Practical Philosophy

Things I Learned This Week #2

#1 – It is not what a person said, it is why they said it at that moment

I’m hunting for a flat to rent in London. The market is tough. Apparently it’s never been tougher.

Last week, one estate agent told me they had only 50 enquiries for a flat in Aldgate East. 50! Looks like I had no chance. However, the day after my viewing, the estate agent called me again and asked if I was still interested. Did she really have 50 bookings? Or was it a scarcity tactic?

In Never Split the Difference, Chris Voss says that it is not what a person says that you should pay attention to in a negotiation, but why they said it at that moment.

#2 – Focus on what is controllable, everything else is a distraction

I have started to notice how people often get effected by events entirely out of their control – like getting annoyed by badly parked cars, or by Boris Johnson, or the Tennis, etc.

One of the key doctrines of Stoicism is that of Perception. Essentially, we need to perceive what truly matters to protect our minds. The first thing we should do is to filter out what is entirely out of our control. Like getting pissed off by a parked car. That will never end and you will end up getting entirely derailed because you cannot control your emotions.

In Meditations, Marcus Aurelius advised himself “Not to be overwhelmed by what you imagine, but just do what you can and should.”

Ignore the external – and focus inwards – on your thoughts which you can control.

#3 – Appreciate the moment

When you see a cat in the street, pet it. That’s one of the lessons from 12 Rules for Life by Jordan Peterson.

I remembered the lesson when I was walking with my parents in the park. I had a moment where I thought that in 20 years we may not be able to do this together as a family again. It really made me appreciate the present moment.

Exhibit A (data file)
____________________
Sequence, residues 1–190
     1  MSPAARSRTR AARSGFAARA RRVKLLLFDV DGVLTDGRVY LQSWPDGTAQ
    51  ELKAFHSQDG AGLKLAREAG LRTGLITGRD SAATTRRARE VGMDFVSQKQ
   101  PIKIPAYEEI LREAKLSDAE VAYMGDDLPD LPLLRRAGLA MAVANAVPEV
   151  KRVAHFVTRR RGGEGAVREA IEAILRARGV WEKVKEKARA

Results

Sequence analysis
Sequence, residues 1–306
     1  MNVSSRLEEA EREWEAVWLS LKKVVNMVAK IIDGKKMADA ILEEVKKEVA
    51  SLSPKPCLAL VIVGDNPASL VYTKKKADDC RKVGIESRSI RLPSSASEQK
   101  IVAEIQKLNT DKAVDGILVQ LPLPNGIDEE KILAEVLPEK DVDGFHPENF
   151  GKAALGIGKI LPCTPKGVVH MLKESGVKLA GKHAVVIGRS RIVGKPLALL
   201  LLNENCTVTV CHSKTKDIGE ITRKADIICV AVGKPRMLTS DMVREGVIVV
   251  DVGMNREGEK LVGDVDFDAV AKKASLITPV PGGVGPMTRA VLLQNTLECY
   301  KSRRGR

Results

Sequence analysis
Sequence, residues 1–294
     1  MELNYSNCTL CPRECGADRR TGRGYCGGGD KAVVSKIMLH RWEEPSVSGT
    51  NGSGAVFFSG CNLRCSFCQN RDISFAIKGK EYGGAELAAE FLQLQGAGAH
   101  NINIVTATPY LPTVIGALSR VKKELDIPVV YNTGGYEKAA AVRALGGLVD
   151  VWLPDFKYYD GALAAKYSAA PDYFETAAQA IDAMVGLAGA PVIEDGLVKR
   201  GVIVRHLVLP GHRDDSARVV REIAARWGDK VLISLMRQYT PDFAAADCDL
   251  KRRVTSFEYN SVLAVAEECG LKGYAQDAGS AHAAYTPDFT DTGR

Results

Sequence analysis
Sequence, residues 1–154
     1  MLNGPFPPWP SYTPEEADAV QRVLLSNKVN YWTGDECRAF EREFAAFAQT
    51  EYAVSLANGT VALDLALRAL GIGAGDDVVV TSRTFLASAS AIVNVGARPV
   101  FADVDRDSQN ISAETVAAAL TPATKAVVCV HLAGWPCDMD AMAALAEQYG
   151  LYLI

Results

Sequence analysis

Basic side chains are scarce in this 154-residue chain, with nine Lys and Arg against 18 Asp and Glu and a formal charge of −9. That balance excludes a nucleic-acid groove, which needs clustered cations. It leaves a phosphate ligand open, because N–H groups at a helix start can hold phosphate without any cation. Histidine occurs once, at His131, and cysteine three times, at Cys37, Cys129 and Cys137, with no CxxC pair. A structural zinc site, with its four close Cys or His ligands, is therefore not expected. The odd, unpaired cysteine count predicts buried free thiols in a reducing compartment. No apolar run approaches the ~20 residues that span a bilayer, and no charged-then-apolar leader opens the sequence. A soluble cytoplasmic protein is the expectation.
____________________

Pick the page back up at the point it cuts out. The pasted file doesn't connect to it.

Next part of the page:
Then, we started talking about laundry and other worries of the future (where am I going to stay in London etc). It reminded me that oftentimes we forget to enjoy the moment and think about the past and future.

#4 – Agreeing to your emotions is a choice

Previously I had known that we had to control our emotions and always act with dignity, but when push comes to shove, it’s hard to know exactly how. It can feel like fighting your natural instincts.

Recently, I did a post on the stoic concept of Assent. The idea is that we should protect our minds by not always agreeing (assenting) to our first impressions.

The reason for this is that our impressions of events tend to combine (1) the objective event with (2) our subjective value judgement of it. For example, the waiter doesn’t smile it me is an objective event. My subjective value judgement may be that they don’t like me. That’s entirely in my head.

“What is outside my mind means nothing to it. Absorb that lesson and your feet stand firm.”

Marcus Aurelius, Meditations

So when the combined impression comes to our evaluation. There is a moment where we can consciously say yes or no to it. Do we let it assent to our inner citadel? (our soul, so to speak). An interesting remark is that we are a collection of our assents.

“The things you think about determine the quality of your mind. Your soul takes on the color of your thoughts.”

Marcus Aurelius, Meditations

My friend told me this is similar to what Buddha said. I guess it really is true that wise men throughout history tend to reach the same conclusions.

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